Wednesday, September 01, 2004

On Jewish education

When you type the term “Jewish education” into the search engine Google, the first organization to pop up is CAJE (the Coalition for the Advancement of Jewish Education). As a CAJE member for my entire college career, this makes me very proud. But when CAJE executive members tell me that half of North American teachers will retire in the next decade or so, this makes me very nervous.

Who will teach the students of the future? This is the question. The answer seems perfectly clear.


Well, not just me, but sometimes it feels that way. Too often, people tell me I’m too smart to “waste my brain” becoming a teacher. I think I’d be wasting my heart if I didn’t.

So when CAJE sent me a mailing about the Schusterman College Program(SCP) which would be held at its annual Conference on Alternative in Jewish Education (also CAJE), I jumped at the opportunity to go.

There I met people who thought differently, acted differently, taught differently and defined “Jewish education” differently than me. But our shared passion was what we all brought to the table.

“This program seeks to unite the totality of Klal Yisrael,” says participant Michael Fel. “Rather than focusing on our differences we focused on the similarities.” Michael, an Hispanic Jew, introduced himself to the group as being from “the voting-impaired city of Miami.”

Michael was the first Argentinean Jew I’d ever met. Judging from everyone’s reactions to me saying “kilometre” and “eh?”, they hadn’t met too many Canadians.

A primary goal of the 26-student program was for us to work together and talk together and experience community. Talking after the program concluded, third-year Columbia University student Mara Berde mused that “it was my first real experience in a pluralistic environment.”

Pluralism means different things to different people. To some participants at CAJE, pluralism is a theory that believes that we grant the validity of other religious denominations as well as our own. To keynote speaker Richard Joel, former director of Hillel International and current president of Yeshiva University, “pluralism means I am prepared to honour your right to be wrong.”

But pluralism isn’t a theory. It’s a practise. It’s asking ourselves whether the prayer services will have separate or mixed seating. It’s asking whether there will sing-a-long kumsitzes on Friday night with or without musical instruments. It’s asking ourselves how we accommodate those who are different than us.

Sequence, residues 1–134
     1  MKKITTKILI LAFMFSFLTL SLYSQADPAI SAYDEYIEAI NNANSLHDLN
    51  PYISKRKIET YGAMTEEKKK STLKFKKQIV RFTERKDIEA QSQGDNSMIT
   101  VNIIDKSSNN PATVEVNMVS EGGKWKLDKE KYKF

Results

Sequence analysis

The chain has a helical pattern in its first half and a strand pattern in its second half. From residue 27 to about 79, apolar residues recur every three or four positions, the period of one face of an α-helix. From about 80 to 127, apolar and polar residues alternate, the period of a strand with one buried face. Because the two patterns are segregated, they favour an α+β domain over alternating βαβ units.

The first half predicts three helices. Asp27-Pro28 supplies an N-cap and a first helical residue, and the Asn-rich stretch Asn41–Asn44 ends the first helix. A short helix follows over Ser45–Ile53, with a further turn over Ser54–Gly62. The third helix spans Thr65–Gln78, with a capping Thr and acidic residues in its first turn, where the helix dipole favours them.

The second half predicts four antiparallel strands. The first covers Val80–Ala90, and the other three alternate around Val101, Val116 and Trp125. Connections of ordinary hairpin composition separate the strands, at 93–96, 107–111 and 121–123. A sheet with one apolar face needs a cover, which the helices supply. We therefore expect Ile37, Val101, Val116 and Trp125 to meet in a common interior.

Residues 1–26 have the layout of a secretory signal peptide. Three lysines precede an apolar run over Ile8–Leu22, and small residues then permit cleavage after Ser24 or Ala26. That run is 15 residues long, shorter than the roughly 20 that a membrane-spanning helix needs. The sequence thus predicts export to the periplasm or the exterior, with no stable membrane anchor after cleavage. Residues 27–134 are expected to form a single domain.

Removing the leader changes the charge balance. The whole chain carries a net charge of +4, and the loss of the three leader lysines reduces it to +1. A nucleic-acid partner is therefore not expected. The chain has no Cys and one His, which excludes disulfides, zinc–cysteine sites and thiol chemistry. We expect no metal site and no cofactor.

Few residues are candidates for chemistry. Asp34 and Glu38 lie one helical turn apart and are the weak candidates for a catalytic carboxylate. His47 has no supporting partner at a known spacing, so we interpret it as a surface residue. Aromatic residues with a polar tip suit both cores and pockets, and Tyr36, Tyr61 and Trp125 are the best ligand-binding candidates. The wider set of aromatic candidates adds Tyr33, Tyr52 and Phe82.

One participant expressed dismay to me, because she found out the graduate school she was planning on attending did not accept openly gay students. During our “Think Tank”, where we shared lesson plans on Jewish topics, we explored this topic as we pondered teaching Jewish responses to homosexuality. We also contemplated how to teach about Jewish identity, Jewish music, cults and Jews for Jesus in classrooms, youth groups and camps. We grappled with the question of how to maintain tradition in a world rocked by change.

I answered that question in my vociferous pursuit of methods for the use of drama in my Torah classroom. I attended drama workshops, bought drama books and wondered whether re-enacting the splitting of the sea would make my students relate to it as a piece of their history. I was lucky that CAJE decided to invite representative of Storahtelling, a non-profit group that injects drama and storytelling into ritual services, such as the Shabbat Torah reading.

It's important to bring life to such an important part of Jewish ritual,” says SCP co-chair and JTS student Lauren Twigg, who was attending her third CAJE. “The Torah is read every week, over and over again. Most of the time people zone out and don't pay attention.”

As students of Jewish education, it is easy to get discouraged. We feel that the community is zoning us out. We think no one is paying attention. At CAJE, it’s clear that that’s wrong.

The truth is, the passion I feel for Jewish education is alive in other people, too. It’s alive in the 1400+ people who came to CAJE this year. It’s alive in the 26 students of SCP who left CAJE vowing to come back next year. It’s alive in Lynn Schusterman and the Schusterman foundation, who believe that education is so important, they’ll bankroll our program.

The secret of Jewish education, of course, is that the material, the texts, the information is not enough. There has to be something more, something that makes parents pay tens of thousands in tuition and drag their kids to Hebrew school at nine on a Sunday morning.

That something more means that I am charged with much more than teaching words on a page. I am charged with teaching students – human Jewish souls who are holy no matter what their nationality, sexual orientation, ability or disability. And I define success by smiling and soul-searching, not dollars and cents.

So I’m glad that when searching for Jewish education, I found CAJE.

Aliza Libman is a fourth-year student of education at York University. She attended her first CAJE in August 2004. First published in the Canadian Jewish News on September 1, 2004; reprinted in the Jewish Educational News in Spring '05.


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